He writes,

I just don’t think boys and girls should compete against each other in most sports, especially ones like wrestling where the physical contact is so intimate and touchy. Yes, I know gay boys probably compete, but they are the ones having to make the decision and deal with any uncomfortableness.

Here, the author suggests that “gay boys” can make such decisions and “deal with any uncomfortableness” but that girls (regardless of sexual orientation) cannot. Hmmm.

True Manhood similarly warns readers that female wrestlers go against god and “natural manhood,” writing,

Deep inside every man is a sense of wildness, a rugged ‘warrior’ drive and our natural inclination towards adventure.  There’s nothing natural inside a man that says ‘I should [sic] my brute strength to pin a woman to the floor to win a tournament.’

True Manhood goes on to write:

It’s not authentically feminine for women to do things men are naturally inclined to do … It’s not about some notion of equality that a woman should be able to do whatever a man can do.  It’s about the notion of order.

He ends with a call to “TrueMan up!” Excuse me while I vomit up my latte.

It’s about order?!? As in the “divine right” of male rule? Yes, because the world would clearly fall apart if females wrestle males–next thing you know, those little ladies might want to vote and such!

Meanwhile, as Northrup is granted sainthood on the Internet, the achievements of Megan Black and Cassy Herkelman–the two girls who made history by qualifying for the Wrestling championship this year–have been relatively silenced. So it’s up to those of us on the side of gender equity and fairness in sports (let alone the separation of church and state) to salute the first female win in the Iowa State Wrestling Championship! To those of you shouting the “True Man Up” chorus, your thunderous support of Northrup is insulting to the young females who earned their spot in the tournament in the same way as the males.

What if a hate-speech paper comes to your campus?

In light of last week’s appearance of the heinous Koala paper at the campus where I teach, I am re-posting the thoughtful piece below by Kit-Bacon Gressitt. The Koala is a racist, sexist, homophic, able-ist, and every other bad -ist publication (though that is too nice a word for it) that has now reared its ugly, closed-minded head at CSUSM. Thanks to much student activism and protest, very important dialogue is taking place about the concept of free speech versus hate speech. I am proud to be part of a campus community that condemns work such as The Koala and I look forward to its succesful eradication from campus!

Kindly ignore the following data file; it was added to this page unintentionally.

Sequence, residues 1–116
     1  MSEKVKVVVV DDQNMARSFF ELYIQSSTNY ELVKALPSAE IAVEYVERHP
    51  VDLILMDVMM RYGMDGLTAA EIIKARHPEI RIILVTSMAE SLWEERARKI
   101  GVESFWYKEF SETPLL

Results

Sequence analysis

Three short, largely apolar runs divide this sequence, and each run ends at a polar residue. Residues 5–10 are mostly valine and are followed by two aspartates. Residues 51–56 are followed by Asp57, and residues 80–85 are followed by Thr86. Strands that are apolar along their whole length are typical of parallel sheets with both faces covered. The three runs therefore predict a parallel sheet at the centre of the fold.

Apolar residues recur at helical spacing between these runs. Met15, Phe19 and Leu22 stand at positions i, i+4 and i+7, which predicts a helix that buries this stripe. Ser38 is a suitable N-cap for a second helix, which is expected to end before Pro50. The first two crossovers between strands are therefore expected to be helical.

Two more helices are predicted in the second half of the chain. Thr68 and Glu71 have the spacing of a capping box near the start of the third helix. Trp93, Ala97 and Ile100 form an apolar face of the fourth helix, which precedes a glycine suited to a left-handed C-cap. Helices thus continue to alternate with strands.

Free-for-All Speech at CSUSM

By Kit-Bacon Gressitt

The Koala, a tabloid launched last week by some California State University San Marcos (CSUSM) students, has achieved its publishers’ apparent goal: to inflame the university community with hate speech.

“Apparent” because, while The Koala has certainly engendered impassioned responses, the predominantly white males behind the publication have refused to discuss what it is they have wrought — or to identify themselves. At a recent recruitment meeting, they would not give their names and avoided being photographed; they moved the meeting to a private dorm room to exclude critics and news media; and they demanded 30-packs of beer from journalists who requested interviews, which, given their likely ages, smacks of soliciting criminal acts — and challenges their legitimacy as a newspaper, as they describe The Koala.

It is The Koala’s content (downloadable at csusmkoala.com) that most effectively challenges the newspaper claim. Just about every demographic — except straight, white males — is addressed with violent, prurient and/or grotesque language: gays and lesbians, women, rape and pedophilia victims, pediatric cancer and burn patients, African Americans, Latinos, Asians and Muslims. The Koala is a miasma of isms.

The Koala recommends used bikini wax as “lip balm for lesbos,” suggests leaving c-section incisions “open for easier future abortions,” and reports that one advantage of dating a 10-year-old girl is “If you knock her teeth out, they grow back.” It includes statements that glorify and encourage pedophilia, rape of a teaching assistant, domestic violence, date rape and physically assaulting campus police.